Eurogamer: Why did you decide to make a space-strategy game?

Zoslt Nyulászi: First of all I think that all developers would like to be in science fiction or fantasy games, but the publishers don't like to have too much fantasy or science fiction games without licences. It's all about brands. Every developer would love to do it. It's not about why we wanted to do it, it's that we had a chance to do it; that's the most important part. They are all science fiction fans, that's the reason.

Eurogamer: Was there any science fiction in particular that influenced the game design?

Zoslt Nyulászi: I am sure that all of us - not just me, but the whole team - were influenced by various things. You cannot see too much of my own influences [various Eastern European authors] in this game, directly, but I think for this game the Star Trek Next Generation series, Babylon 5, and if there was a game that influenced me it was Shogan: Total War because of the tactical details.

Eurogamer: What sort of things are you doing graphically that others perhaps aren't?

Zoslt Nyulászi: First of all the DirectX 9 technology, which I think is not used in space games yet, and the ship design I think stands out. I know some games which are on a high level of visual quality, like in EVE, the ship design is good, but in most games - like Freelancer - the ship design is very basic. I wouldn't say things like EVE influenced us though because we started so long before them.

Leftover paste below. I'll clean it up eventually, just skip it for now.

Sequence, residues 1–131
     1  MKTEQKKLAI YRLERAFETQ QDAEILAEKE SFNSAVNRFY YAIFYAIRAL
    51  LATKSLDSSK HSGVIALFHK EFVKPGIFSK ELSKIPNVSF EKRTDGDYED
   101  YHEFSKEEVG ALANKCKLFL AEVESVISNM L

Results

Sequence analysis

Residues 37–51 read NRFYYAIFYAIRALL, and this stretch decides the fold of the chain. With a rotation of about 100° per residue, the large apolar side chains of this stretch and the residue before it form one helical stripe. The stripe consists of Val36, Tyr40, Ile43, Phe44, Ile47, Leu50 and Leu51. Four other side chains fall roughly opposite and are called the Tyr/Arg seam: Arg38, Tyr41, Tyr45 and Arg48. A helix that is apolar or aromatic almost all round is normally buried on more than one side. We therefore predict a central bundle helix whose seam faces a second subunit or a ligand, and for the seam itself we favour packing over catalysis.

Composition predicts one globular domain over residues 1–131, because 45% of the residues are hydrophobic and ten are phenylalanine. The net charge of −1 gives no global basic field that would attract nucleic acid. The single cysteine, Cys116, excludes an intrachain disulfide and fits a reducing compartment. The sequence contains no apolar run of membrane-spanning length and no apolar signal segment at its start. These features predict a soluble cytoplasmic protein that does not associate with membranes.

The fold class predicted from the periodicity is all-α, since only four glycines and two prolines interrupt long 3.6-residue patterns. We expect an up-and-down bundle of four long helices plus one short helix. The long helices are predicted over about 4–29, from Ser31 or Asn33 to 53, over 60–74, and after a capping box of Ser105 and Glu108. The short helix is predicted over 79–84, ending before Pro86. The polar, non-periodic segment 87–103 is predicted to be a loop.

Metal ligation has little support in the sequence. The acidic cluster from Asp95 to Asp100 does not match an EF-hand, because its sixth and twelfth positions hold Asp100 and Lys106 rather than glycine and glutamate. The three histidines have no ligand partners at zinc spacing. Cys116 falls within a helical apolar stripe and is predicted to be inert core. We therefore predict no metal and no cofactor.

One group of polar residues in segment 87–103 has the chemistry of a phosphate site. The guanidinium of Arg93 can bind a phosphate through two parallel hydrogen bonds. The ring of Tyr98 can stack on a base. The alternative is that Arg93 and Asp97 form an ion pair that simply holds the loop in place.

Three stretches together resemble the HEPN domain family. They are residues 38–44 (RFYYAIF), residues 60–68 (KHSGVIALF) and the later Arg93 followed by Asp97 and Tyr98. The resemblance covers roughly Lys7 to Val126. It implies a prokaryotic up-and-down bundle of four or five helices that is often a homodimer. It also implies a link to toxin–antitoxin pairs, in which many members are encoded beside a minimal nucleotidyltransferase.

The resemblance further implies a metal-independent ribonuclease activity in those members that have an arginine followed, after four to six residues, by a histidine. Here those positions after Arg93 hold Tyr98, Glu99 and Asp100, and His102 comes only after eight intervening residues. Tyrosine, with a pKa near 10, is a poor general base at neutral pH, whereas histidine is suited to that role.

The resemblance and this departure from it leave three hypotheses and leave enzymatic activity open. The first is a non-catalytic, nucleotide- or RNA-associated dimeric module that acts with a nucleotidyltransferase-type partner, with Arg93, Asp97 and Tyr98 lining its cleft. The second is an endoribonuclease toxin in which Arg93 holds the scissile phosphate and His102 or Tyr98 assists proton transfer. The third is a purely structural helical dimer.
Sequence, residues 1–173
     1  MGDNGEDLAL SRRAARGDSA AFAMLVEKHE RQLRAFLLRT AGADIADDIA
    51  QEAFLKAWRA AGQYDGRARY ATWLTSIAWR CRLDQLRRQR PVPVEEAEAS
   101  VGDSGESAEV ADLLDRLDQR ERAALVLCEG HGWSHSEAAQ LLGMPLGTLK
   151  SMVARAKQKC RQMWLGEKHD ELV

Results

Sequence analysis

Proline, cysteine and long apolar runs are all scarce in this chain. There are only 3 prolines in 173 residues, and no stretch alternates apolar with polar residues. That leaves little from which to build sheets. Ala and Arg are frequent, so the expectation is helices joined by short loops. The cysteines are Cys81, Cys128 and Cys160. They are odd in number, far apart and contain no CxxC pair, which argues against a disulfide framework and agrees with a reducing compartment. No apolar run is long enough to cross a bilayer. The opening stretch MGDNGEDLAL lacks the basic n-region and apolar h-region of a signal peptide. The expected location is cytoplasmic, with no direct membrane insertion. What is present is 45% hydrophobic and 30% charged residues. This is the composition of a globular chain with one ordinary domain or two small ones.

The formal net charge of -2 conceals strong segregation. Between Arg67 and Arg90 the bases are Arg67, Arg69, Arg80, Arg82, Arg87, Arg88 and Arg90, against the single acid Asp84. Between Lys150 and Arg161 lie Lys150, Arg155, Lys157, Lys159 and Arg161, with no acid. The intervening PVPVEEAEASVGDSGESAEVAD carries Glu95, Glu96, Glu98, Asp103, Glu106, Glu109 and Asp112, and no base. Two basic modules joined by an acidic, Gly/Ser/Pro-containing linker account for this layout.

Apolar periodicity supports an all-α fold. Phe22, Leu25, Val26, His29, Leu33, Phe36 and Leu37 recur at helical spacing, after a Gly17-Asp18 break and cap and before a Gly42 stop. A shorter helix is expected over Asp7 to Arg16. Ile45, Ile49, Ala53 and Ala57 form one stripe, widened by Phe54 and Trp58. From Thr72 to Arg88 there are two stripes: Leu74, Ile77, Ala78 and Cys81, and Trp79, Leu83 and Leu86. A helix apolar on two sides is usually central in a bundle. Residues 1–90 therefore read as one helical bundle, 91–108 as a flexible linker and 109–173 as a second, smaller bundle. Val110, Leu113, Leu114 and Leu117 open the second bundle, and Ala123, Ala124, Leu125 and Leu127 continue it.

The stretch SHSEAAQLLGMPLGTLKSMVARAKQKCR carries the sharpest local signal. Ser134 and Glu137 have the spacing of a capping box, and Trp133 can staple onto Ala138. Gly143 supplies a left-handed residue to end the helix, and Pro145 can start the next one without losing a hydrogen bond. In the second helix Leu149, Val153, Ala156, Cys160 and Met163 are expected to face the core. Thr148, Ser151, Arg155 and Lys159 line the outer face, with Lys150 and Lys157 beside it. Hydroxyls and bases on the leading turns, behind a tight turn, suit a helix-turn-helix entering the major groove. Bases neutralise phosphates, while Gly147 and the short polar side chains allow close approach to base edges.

Eurogamer: How long in total has the game been in development?

Zoslt Nyulászi: In total it is four years if you count from the very starting point, from Beyond. In terms of how long we've been with HD, it's probably around nine months.

Eurogamer: You've got two control schemes - a simplified one and one that deals with things in more depth. What would you recommend players choose coming to the game as complete beginners?

Zoslt Nyulászi: I think first that everyone coming to the game should decide what sort of player he is. If I'm just interested in the story, I want to play through the game and I don't want to have too much tactical challenge, and I don't want to learn everything and I don't want to do micromanagement (which the Germans, for example, love to do) then I should play the game on beginner level and I can play through the whole game without using the extra controls. However, if I wish, I can change. I personally think that the best way to play the game is to start on beginner level, playing through to the first or second episode - you will learn a lot - and you will start to use the extra controls, and then maybe you can restart and try and win using the more advanced controls, because the missions always have primary objectives that you need to complete to advance but also secondary objectives that are not required but can be completed for extra reward, like prototype devices and your crew gaining more experience than otherwise.